Pituitary microadenoma: diagnostic studies.Clin Endocrinol (Oxf). 1979 Jun; 10(6):583-94.CE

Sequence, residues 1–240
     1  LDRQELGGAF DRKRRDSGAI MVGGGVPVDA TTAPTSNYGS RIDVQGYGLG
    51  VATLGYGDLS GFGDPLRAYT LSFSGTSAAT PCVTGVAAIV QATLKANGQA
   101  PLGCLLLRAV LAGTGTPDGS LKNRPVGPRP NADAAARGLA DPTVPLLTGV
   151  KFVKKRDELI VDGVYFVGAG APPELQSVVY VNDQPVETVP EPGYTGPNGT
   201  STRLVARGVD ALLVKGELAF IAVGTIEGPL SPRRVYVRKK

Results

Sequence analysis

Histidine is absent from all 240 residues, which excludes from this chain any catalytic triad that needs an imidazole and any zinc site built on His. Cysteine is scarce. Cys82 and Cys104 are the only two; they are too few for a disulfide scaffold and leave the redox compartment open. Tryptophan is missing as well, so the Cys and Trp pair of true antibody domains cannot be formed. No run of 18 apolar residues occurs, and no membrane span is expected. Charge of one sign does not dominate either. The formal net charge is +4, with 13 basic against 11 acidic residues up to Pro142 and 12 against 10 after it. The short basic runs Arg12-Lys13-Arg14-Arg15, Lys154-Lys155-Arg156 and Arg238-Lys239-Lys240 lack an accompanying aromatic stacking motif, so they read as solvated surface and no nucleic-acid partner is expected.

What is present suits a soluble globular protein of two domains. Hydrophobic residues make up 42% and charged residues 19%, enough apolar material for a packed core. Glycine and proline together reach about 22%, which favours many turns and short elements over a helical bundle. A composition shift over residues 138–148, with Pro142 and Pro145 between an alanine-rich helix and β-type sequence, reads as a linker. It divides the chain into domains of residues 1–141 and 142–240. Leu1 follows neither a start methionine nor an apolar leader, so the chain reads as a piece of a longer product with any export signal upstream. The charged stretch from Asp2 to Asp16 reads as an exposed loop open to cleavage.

Forty-one women with oligo-menorrhoea and/or galactorrhoea were subjected to hypothalamic pituitary-thyroid testing in an attempt to establish the presence or absence of an underlying pituitary microadenoma. They were divided into two groups in accordance with the serum level of prolactin (PRL): Group I (N = 25, mean +/- SE 17.6 +/- 1.5 ng/ml) and Group II (N = 16, 102.8 +/- 29.7 ng/ml). The dynamic tests performed were a TRH test, a stimulation test with metoclopramide (MCP) and a suppression test with bromocriptine. The results of these tests were compared with those obtained in nine normal women and eleven patients with surgically proved pituitary microadenoma. Radiologically abnormal pituitary fossas were found in ten subjects from Group I and in fourteen from Group II. All patients were euthyroid. A persistently elevated serum TSH in response to TRH was observed in patients of Group II suggesting an hypothalamic abnormality and a progressive decrease in the 120-min use of serum T3 was noted with increasing evidence of the existence of a pituitary tumour. A negative correlation was found between the basal serum PRL and the rise of serum PRL with TRH. Patients from Group II showed a lower PRL response to MCP when compared to Group I and again a negative correlation between basal level of serum PRL and the change after MCP was observed. No clear difference in the 4-h response to bromocriptine was found between the different groups of subjects. In conclusion, none of the three tests analysed permitted us to establish which of the patients had an underlying pituitary microadenoma.